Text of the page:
Every day for the last week and a half, restaurant, hotel, and casino workers clad in red T-shirts have crowded the stretch of Atlantic City's boardwalk between the Trump Taj Mahal and the Steel Pier amusement park. They march in a tight oval carrying signs that scream "Atlantic City Trump Taj Mahal Workers On Strike" and "Unite here!" On the edge of the oval, a young man yells — "Sca-a-a-b!" — into a bullhorn whenever anyone leaves or enters the casino. This deters some tourists, who stand on the sidelines posing for photographs instead. But it doesn't keep everyone away. One barefoot man carrying beach chairs emerges from the hotel's double doors onto the boardwalk. "Shame on you," the picketers cry. "Shame on you," he responds.
These are the cooks, bartenders, bellhops, and housekeepers of the Local 54 chapter of the Unite Here union. Since July 1, they've been picketing the Trump Taj Mahal — which is now owned by billionaire Carl Icahn but retains the presidential candidate's name under a licensing agreement — after the two sides failed to reach a deal on benefits. As the Associated Press reports, Trump Taj Mahal employees lost their healthcare and pension benefits while the casino was in bankruptcy under a previous employer; Icahn offered to restore healthcare, but to a lower level than the union desired.
"If you’re going to invest in a property, you’ve got to invest in the workers as well."
Neither side seems ready to fold. Tony Rodio, the CEO of the Tropicana casino who also oversees the Trump Taj Mahal, told the Philadelphia Inquirer that the company had made a good-faith offer that it had expected the union would accept. He accused the union organizers of being "hell-bent on trying to close this property." In turn, Bob McDevitt, president of Unite Here Local 54, told MSNBC that Icahn "saved almost $20 million over the last 20 months skinning it off the back of the workers who work there with no benefits and not even a half-hour paid meal break. If you're going to invest in a property, you've got to invest in the workers as well."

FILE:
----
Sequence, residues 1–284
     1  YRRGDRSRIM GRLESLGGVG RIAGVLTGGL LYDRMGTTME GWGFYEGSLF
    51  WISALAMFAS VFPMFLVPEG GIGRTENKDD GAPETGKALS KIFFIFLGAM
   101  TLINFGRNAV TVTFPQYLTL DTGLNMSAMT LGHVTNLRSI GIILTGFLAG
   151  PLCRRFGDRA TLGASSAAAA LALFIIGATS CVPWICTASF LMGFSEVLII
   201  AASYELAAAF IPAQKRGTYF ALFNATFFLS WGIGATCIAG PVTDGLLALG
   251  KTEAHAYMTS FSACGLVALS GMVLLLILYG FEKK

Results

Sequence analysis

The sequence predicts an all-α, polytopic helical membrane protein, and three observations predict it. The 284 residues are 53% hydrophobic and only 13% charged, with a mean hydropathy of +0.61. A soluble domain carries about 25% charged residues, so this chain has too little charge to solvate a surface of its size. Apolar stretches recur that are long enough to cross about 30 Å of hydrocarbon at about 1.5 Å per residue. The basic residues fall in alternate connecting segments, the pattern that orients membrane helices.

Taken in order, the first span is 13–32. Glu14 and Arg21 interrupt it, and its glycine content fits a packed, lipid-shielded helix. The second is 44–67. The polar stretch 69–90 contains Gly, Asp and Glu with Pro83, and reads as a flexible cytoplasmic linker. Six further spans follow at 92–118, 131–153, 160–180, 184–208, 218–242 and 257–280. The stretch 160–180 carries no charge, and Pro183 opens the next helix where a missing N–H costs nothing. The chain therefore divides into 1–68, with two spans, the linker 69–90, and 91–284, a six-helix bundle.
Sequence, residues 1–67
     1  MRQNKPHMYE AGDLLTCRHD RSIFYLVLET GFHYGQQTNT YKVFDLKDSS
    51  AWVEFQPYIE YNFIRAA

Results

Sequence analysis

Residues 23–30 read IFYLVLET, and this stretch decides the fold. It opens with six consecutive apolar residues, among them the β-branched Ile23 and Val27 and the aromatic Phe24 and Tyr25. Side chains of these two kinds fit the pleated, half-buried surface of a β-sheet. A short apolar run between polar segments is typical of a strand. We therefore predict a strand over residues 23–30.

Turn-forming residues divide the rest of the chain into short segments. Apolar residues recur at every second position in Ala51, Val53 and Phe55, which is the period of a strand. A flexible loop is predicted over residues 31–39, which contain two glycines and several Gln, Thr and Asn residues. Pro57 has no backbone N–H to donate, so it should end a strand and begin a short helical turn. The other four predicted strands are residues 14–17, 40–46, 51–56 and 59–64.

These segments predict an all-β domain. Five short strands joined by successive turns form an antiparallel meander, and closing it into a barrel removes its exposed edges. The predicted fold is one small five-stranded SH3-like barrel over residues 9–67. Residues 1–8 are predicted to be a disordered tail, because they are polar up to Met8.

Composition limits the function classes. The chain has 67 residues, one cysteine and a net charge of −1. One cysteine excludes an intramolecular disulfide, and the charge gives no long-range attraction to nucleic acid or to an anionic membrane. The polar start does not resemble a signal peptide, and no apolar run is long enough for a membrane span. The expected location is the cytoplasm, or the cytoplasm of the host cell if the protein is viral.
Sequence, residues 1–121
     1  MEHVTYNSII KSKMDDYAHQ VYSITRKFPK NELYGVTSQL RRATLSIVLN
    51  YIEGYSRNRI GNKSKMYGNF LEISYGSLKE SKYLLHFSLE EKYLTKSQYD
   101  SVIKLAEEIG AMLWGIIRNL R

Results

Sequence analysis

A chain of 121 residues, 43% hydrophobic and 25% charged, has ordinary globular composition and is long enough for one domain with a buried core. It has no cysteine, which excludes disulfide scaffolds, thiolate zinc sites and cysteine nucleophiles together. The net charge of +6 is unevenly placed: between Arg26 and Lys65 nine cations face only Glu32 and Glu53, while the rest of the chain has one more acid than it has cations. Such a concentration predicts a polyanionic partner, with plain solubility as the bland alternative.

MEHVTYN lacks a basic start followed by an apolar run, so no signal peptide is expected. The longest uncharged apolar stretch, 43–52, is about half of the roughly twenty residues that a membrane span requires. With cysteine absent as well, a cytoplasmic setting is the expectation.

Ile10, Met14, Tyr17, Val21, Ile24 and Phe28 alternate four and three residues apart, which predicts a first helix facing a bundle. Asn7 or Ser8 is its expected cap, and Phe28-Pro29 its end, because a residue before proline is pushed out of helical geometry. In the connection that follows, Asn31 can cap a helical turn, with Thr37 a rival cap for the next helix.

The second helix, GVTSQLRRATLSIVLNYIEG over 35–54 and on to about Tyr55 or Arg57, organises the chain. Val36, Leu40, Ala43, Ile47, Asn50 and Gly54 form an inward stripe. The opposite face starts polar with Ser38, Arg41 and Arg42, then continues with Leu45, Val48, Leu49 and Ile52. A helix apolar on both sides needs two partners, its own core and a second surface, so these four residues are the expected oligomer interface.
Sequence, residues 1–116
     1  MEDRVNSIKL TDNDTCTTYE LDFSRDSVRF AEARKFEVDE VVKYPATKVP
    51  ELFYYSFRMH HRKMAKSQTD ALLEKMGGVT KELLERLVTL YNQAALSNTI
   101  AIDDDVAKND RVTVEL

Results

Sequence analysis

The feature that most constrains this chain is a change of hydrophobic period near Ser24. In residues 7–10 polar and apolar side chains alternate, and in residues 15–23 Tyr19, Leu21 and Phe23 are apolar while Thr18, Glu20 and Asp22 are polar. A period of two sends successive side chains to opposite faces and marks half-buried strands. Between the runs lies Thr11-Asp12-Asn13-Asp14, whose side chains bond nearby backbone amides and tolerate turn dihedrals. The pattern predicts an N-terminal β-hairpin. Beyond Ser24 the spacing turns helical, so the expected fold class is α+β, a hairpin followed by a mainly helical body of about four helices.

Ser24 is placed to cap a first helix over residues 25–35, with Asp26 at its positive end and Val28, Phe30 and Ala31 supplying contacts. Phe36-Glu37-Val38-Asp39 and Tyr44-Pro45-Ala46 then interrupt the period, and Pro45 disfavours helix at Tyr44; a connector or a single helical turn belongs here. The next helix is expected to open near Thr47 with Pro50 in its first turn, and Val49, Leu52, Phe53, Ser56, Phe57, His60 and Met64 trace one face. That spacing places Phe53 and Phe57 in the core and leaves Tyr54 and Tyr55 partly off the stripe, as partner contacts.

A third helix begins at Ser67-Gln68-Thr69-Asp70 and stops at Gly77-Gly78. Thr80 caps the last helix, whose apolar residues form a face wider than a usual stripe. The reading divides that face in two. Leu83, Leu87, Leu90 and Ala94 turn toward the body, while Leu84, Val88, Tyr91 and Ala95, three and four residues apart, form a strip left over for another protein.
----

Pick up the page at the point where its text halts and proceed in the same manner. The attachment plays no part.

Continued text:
There's a romantic notion of Atlantic City that's very much rooted in its history: ice cream and saltwater taffy, booming real estate on the boardwalk, mobsters carousing, and Frank Sinatra performing at the Steel Pier. But in the July heat of the boardwalk — and from the casino's main entrance on Pacific Avenue — rank-and-file workers seem resigned to their struggle. Gaming in neighboring states has sapped tourism from Atlantic City; a University of Nevada Las Vegas Center for Gaming Research study found that the Atlantic City gaming industry has declined by a rate of -7.56 percent from 2007 to 2015. Hurricane Sandy ripped through the region in 2012. And in an economic climate that's given rise to a powerful Fight for $15 movement, it's no surprise the workers here feel left behind.
"I'm just hoping that anyone can take care of us," says Hany Ragheb, a cook in the Trump Taj Mahal's production kitchen. When the Taj Mahal's sister casino the Trump Plaza closed in late 2014, there was less work available for him. Ragheb says the production kitchen went from producing 200 gallons of soup and sauces for the casinos to just 80 or 100 gallons at a time. Nobody is making 40 hours a week anymore, he says, and there's no more overtime or health benefits. Though he doesn't blame anyone, these are the changes he's witnessed in Atlantic City. They're also the things he'd like to see changed back. "We're just asking for simple things, simple rights," he says.
Many of the workers on this picket line have been working at the Trump Taj Mahal since it opened in 1990. Eater spoke with a handful of casino food-and-beverage workers out on the picket line to learn how their lives and work have changed over the years.
Richard Marin, cocktail server
Has worked at the Trump Taj Mahal for 26 years
How have you seen your financial situation change over the past 26 years?
It's been pathetic. A couple years ago, they took away our half-hour paid break, they took away half of our vacation pay. I've been here for 26 years. As you see business going down, the tips go down with it, so you actually depend on your paycheck, however little it is. Tips are very inconsistent. During the week, you can make $30 to $60. And on the weekend, some of the stations are busier than other stations, depending whether they have a show or not. Meanwhile, we only got a 40-cent raise over the last 10 years. It's ridiculous. I don't understand what they expect us to do in terms of how to live.
Some of us have gotten part-time jobs... Six months ago, I ended up in the hospital. I got government assistance. I never had to have government assistance in my entire life.
Debbie Best, bartender
Has worked at the Trump Taj Mahal for 26 years
How has your financial situation changed over the years you've been working here?